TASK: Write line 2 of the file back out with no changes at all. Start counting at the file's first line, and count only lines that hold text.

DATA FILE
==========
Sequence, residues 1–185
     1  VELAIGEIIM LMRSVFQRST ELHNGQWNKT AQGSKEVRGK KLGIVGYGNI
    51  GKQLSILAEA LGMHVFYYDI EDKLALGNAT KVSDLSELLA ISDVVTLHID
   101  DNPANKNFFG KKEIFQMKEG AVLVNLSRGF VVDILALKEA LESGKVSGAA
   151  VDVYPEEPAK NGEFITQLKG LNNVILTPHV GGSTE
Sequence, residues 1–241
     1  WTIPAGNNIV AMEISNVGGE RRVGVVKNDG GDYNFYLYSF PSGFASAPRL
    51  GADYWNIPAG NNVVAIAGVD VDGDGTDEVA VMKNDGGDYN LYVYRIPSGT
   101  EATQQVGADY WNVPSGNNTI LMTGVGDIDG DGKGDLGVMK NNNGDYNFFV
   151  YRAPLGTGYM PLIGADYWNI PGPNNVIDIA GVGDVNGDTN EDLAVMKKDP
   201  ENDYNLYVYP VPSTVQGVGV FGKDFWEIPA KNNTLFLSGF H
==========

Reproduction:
     1  VELAIGEIIM LMRSVFQRST ELHNGQWNKT AQGSKEVRGK KLGIVGYGNI